On the other hand, companies that import finished plastic goods for consumption in the U.S. would be compelled to purchase those products inside the North American market, to be able to fully deduct their costs of sales. This, in turn, would likely increase domestic polymer sales, which as we have discussed in other posts are the main sources of income for U.S. based producers.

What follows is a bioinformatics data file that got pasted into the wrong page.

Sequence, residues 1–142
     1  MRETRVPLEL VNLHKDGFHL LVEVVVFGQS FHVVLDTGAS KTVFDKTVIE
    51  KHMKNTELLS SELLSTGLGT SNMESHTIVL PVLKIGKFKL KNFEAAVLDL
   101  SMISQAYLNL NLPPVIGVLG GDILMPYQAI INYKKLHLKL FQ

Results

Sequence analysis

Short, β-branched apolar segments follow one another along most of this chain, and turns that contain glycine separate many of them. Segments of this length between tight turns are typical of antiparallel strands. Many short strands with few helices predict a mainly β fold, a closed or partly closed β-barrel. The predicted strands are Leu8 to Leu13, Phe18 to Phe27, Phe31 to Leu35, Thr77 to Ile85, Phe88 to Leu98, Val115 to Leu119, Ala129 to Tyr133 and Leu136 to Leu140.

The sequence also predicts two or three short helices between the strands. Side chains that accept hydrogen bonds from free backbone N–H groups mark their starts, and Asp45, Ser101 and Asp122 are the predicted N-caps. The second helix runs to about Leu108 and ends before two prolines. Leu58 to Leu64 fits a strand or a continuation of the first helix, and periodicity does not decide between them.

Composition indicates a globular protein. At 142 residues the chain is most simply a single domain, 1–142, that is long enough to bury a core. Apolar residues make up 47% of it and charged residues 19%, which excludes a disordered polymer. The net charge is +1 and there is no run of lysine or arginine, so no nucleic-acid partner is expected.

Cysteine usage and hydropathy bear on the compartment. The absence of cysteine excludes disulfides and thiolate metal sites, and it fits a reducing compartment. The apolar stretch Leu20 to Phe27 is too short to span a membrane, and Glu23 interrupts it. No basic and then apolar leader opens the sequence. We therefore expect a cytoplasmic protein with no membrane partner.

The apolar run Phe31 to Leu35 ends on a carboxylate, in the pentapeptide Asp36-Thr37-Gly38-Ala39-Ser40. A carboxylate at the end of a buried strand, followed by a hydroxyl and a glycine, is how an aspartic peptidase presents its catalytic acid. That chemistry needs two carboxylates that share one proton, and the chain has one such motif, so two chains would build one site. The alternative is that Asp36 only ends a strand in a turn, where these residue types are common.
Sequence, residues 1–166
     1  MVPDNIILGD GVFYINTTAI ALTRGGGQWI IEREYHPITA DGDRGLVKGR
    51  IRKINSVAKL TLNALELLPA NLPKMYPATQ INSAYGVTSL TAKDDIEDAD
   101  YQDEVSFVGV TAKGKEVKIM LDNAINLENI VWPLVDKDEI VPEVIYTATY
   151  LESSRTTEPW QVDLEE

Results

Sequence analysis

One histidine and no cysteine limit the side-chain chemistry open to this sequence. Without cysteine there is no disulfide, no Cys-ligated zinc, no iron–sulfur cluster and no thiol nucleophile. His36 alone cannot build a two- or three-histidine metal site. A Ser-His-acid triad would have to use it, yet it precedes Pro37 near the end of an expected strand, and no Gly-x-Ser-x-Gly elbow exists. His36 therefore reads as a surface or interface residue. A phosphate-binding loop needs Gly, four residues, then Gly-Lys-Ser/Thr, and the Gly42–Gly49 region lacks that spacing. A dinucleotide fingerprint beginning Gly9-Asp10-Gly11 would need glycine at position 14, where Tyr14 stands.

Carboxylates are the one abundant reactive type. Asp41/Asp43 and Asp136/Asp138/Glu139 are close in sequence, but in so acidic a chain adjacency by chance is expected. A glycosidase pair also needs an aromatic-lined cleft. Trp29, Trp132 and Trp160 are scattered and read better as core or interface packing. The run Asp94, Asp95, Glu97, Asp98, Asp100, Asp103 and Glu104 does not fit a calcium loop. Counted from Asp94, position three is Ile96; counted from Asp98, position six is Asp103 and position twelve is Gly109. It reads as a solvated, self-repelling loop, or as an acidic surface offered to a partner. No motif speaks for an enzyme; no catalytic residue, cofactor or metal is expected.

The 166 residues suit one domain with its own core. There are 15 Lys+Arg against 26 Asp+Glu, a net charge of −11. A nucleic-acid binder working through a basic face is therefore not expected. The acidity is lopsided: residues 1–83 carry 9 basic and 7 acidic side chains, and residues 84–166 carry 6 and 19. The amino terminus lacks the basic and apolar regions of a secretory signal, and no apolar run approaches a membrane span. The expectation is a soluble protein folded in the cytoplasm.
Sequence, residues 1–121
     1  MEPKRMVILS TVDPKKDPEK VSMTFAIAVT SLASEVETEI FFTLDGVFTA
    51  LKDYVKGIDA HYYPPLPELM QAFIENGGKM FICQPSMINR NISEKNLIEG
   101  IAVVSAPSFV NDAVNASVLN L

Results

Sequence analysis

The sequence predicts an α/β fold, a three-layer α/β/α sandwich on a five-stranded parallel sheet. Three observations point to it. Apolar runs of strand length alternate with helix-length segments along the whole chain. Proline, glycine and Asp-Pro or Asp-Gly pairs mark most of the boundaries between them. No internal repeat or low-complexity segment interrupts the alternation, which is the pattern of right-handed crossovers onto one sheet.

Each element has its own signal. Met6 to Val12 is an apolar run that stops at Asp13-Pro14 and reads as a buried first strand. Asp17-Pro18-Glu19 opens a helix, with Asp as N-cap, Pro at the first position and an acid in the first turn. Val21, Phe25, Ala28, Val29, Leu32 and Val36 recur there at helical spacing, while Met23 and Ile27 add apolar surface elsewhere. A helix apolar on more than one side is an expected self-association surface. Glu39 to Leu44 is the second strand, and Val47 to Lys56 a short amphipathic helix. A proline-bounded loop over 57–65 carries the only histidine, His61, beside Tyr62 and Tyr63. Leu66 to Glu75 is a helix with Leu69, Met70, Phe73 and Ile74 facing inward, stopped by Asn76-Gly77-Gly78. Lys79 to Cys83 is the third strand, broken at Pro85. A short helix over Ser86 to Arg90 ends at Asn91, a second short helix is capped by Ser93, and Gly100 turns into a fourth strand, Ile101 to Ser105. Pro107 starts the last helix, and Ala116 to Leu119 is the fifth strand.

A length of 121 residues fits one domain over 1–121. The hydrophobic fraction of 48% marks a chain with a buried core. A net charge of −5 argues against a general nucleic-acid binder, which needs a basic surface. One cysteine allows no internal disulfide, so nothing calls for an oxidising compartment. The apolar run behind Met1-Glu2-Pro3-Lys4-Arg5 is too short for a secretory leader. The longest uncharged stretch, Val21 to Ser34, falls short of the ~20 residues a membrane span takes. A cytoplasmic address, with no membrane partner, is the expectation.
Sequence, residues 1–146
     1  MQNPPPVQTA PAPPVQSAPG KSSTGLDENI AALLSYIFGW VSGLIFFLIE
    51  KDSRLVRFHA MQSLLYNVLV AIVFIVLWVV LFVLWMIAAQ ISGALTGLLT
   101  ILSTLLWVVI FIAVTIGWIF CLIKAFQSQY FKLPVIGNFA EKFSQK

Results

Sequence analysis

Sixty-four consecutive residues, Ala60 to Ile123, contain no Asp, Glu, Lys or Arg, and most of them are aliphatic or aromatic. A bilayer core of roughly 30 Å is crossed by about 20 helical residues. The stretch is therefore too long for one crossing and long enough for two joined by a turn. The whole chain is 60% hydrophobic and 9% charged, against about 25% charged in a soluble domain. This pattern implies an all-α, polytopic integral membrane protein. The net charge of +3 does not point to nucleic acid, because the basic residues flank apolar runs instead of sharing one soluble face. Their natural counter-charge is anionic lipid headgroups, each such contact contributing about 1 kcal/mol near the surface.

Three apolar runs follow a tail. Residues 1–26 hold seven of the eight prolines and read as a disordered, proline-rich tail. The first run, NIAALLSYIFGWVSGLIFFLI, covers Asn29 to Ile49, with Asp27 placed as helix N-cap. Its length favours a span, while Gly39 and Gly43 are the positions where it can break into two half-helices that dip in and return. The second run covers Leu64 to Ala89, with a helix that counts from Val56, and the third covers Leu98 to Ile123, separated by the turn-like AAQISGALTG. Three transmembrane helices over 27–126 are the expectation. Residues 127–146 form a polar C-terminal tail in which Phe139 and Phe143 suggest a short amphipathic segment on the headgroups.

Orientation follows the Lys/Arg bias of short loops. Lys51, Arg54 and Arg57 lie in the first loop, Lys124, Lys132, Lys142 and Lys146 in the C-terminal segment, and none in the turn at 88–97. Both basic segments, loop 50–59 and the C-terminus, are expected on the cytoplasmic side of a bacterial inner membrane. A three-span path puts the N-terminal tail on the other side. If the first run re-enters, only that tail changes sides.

However, things may not be as simple as that. On one end, it is expected that the U.S. dollar could strengthen as a result of the border adjustment. The combination of a stronger dollar and countervailing duties by Mexico may force producers to further discount exports in order to remain competitive. This does not bode well for those companies that are currently starting or are about to start new polyethylene plants in the U.S. The prospect of global trade battles (or wars) between the U.S. and its trading partners was certainly not in the horizon when those export-oriented projects were being planned. The relative low cost of production of ethane-based polyethylene would provide enough cushion to resist, but export margins would definitively take a hit. Other polymers with strong ethane-based ethylene content may experience the same fate (PVC, polystyrene), that is, ability to export will remain in place but export margins would get compressed.